Researchers from the Biomechanics Institute (IBV) in Valencia, Spain, have developed a seatbelt that constantly monitors drivers' cardiac and respiratory rates. It's not just another health tracker: the idea is to make sure the driver is alert, and to signal him if his vitals dip into the drowsy zone.
Increasingly automated cars require less concentration on the part of drivers who are more at risk than ever of falling asleep at the wheel due to their reduced role.
The system developed in Spain, called the Harken
device, incorporates sensors that are capable of compensating for the vibrations of the car and movements of the driver while taking vital signs.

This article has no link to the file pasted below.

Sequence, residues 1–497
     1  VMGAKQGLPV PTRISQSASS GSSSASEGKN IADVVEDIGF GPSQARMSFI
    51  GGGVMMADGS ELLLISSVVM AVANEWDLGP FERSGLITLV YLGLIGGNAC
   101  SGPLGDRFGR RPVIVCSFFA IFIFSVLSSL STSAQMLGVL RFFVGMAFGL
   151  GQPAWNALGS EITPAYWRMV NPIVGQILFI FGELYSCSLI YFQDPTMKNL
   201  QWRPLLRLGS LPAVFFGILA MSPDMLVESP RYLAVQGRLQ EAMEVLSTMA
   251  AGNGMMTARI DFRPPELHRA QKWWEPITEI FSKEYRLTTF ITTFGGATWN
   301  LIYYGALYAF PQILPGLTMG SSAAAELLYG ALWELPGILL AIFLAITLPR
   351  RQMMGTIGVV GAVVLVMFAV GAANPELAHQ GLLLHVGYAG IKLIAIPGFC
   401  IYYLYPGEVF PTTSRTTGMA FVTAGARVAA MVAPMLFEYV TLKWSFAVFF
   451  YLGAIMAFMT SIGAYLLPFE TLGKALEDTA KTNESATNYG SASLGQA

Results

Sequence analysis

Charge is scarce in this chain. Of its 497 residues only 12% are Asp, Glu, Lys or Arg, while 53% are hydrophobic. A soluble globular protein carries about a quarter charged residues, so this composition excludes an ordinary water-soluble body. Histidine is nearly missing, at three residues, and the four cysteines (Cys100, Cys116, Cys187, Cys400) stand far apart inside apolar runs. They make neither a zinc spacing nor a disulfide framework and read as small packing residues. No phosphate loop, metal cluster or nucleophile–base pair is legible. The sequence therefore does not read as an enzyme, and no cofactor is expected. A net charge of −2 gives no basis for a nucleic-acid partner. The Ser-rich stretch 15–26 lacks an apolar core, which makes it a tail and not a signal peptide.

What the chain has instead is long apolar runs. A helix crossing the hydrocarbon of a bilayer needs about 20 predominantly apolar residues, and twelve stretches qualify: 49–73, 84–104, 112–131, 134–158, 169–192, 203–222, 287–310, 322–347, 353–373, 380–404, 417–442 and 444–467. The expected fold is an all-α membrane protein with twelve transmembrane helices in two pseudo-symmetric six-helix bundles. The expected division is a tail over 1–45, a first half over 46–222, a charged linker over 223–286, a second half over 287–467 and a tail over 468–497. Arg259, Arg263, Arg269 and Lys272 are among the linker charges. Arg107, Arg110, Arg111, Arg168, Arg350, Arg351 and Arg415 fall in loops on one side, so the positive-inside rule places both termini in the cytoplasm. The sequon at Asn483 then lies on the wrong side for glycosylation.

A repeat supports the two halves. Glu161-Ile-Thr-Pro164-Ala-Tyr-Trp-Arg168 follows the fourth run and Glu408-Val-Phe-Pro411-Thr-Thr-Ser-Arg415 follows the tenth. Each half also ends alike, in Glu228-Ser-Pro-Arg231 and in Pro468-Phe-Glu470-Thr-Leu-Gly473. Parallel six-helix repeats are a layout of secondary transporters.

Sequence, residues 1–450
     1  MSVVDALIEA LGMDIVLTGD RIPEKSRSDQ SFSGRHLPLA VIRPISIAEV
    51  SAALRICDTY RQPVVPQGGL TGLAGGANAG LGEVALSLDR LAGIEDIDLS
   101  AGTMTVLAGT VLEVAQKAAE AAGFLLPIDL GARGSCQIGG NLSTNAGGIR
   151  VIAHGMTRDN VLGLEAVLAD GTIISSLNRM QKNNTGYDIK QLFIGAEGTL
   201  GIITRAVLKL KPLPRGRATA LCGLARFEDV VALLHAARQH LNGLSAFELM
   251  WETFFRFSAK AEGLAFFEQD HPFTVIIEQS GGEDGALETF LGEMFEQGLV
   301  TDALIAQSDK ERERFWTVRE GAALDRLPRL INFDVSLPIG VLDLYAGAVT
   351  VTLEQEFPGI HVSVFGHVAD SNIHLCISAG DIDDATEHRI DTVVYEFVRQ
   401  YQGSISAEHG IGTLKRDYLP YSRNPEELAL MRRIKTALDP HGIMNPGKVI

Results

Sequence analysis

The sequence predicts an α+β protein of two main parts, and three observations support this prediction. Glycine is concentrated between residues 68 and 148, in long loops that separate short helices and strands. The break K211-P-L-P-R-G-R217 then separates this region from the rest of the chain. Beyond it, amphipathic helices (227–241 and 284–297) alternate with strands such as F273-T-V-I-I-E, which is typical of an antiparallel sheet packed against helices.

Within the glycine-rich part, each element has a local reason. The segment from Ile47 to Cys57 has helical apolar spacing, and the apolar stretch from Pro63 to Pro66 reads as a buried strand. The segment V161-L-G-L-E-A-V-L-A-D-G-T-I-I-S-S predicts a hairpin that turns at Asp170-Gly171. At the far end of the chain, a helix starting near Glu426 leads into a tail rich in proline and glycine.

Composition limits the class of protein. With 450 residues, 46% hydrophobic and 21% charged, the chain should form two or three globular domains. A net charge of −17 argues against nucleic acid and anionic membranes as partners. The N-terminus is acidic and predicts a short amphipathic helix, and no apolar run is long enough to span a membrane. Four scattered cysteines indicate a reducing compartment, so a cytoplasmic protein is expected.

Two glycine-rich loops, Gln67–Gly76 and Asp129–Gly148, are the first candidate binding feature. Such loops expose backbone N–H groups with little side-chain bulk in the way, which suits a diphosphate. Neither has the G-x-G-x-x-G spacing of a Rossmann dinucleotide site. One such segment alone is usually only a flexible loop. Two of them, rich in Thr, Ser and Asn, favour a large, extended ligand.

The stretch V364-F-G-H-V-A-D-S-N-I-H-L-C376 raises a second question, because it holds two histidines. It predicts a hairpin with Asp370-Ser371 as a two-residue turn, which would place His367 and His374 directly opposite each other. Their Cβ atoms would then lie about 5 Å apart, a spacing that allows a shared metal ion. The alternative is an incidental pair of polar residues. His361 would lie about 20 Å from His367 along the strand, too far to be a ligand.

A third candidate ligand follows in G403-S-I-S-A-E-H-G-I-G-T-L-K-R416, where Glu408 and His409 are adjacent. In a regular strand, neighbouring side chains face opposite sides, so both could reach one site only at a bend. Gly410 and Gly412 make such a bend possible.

Sensors are embedded in the seat cover in addition to the seat belt and they also have the ability to filter noise in order to get the best possible readings for accurate somnolence detection.
Because the sensors are embedded, they are invisible to the driver, according to the product description on the company's website.
The idea is similar to the Ford Biometric Seat
, introduced as a prototype last year, which takes vitals and monitors ambient temperature in the interest of keeping the driver comfortable and alert.